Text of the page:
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Paul Taylor Dance Company: Variety and vitality

Last night, during a reception for members of the Paul Taylor Dance Company, Roseville native and Taylor dancer Robert Kleinendorst talked of his delight in being able to perform — at last — with the premier modern-dance company on the home stage, Northrop. This evening, the iconic dance company, which the legendary choreographer began in the 1950s, will perform two canonical works from its repertory, as well as Taylor’s newest piece. Now 80, the last living member of the pantheon that created America’s indigenous art form, modern dance, shows no sign of slowing down.

One of Taylor’s signatures is the tremendous variety — in tone, subject matter and style — of his works. Tonight’s program is no exception. The audacious “Cloven Kingdom” (1976) examines the primal underpinnings of our most sophisticated personas. To music by Arcangelo Corelli, Henry Cowell and Malloy Miller, the dancers (men in tuxes, women in ball gowns) gradually dispense with their outward trappings of civility to reveal the animalistic urges lurking beneath.

In “Brief Encounters” (2009), Taylor wittily costumes his dancers in black underwear to emphasize the sensuality and sexuality of the performers’ intermittent interactions. As if commenting on our 21st-century information overload, our decreasing attention spans, and transient lack of commitment to place and people, Taylor choreographs his dancers in ever-shifting patterns of interaction against the ephemeral music of Claude Debussy.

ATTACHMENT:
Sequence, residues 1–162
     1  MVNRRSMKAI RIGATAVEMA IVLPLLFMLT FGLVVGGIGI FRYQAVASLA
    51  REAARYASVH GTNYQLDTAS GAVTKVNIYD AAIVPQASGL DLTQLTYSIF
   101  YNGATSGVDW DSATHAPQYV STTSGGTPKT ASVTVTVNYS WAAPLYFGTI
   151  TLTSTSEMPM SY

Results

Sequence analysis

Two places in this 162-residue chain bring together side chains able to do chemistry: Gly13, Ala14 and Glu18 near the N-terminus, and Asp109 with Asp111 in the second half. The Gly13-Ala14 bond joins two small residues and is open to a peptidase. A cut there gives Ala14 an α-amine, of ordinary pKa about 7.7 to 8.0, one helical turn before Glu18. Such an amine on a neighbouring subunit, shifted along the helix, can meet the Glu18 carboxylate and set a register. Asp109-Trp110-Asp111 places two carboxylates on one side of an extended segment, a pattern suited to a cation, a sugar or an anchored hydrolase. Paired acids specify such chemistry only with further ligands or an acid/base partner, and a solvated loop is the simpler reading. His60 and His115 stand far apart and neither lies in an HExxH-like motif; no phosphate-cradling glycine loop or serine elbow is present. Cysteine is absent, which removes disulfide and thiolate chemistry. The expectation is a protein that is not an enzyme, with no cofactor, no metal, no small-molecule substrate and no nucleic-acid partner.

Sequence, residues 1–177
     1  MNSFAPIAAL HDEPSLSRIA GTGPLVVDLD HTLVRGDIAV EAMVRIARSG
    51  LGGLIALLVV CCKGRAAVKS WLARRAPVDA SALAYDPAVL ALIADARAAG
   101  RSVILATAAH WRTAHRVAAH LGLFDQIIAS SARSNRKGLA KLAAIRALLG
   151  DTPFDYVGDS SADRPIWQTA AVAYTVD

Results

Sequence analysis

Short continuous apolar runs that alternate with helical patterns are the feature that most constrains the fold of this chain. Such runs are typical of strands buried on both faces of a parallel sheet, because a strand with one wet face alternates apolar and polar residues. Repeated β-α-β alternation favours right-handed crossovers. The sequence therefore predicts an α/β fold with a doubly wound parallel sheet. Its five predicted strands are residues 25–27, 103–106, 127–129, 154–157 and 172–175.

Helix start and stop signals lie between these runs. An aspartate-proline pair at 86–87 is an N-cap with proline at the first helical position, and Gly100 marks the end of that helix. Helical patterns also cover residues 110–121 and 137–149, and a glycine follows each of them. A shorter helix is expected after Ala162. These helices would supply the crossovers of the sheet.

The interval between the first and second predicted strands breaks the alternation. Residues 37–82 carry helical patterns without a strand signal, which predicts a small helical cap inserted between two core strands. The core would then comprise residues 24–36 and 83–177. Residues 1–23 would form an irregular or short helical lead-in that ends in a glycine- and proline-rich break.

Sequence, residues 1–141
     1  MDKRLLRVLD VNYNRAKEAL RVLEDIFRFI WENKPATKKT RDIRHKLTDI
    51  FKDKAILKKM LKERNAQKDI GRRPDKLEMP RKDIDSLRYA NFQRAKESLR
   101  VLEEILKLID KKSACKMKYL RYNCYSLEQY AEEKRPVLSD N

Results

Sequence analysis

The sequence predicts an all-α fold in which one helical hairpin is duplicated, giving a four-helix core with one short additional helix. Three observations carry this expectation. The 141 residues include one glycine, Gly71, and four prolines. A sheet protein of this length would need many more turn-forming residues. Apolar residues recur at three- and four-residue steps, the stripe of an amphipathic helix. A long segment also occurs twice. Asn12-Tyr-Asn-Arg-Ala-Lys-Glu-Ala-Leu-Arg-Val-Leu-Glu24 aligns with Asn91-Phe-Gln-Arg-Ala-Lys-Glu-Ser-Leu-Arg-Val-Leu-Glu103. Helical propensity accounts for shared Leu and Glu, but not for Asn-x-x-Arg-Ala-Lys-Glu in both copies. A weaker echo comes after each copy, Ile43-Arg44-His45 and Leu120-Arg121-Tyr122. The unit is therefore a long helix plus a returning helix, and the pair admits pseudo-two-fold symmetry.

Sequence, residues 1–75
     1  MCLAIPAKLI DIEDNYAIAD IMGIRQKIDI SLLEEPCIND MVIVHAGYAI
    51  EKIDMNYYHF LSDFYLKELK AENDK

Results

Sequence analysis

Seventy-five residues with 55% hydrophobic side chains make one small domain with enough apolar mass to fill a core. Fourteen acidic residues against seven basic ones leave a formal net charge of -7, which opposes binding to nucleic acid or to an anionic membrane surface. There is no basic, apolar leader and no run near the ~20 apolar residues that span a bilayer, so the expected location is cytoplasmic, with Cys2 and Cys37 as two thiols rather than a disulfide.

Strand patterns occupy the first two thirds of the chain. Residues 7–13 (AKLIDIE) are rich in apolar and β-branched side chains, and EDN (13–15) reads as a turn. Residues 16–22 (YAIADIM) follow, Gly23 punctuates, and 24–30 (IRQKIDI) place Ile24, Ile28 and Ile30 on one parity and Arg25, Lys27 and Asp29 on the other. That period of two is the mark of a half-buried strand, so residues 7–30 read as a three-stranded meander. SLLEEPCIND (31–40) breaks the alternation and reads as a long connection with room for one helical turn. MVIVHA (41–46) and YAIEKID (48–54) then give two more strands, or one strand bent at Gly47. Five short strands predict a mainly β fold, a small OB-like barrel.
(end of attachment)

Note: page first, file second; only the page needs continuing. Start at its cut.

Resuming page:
At long last, “Esplanade” (1975) comes to the Northrop stage. A work of tremendous beauty and grace (with a centerpiece exploring the dark heart of such lyricism), “Esplanade” contains virtually no “dance” movements; rather, as the story goes, Taylor was inspired by everyday movement, particularly after watching a young woman running to catch a bus. Set to music  by Johann Sebastian Bach, the piece continuously and exuberantly flows with leaps and catches, runs and skips, turns and reaches in choreography underpinned with breathtaking athleticism.

It’s a piece in which to bask, in which to let oneself go as the dancers offer up the best and brightest of their abilities. “Taylor only asks that you bring your spirit to the work,” Kleinendorst said. The company, he added, “is a great place to be an artist.”

For more insights into Taylor’s work, visit my students’ blog posts, which they’ve written in conjunction with the class I’m teaching at the University of Minnesota, “Covering the Arts: New Media, New Paradigms from Criticism to Communications.”

Paul Taylor Dance Company. 7:30 tonight. Northrop, University of Minnesota, Minneapolis. Tickets $35-$58. 612-624-2345. At 6:45 tonight there will be a free pre-performance talk with Bettie de Jong and Andy LeBeau — former Taylor dancers and current rehearsal directors — in Room 4 at Northrop. 

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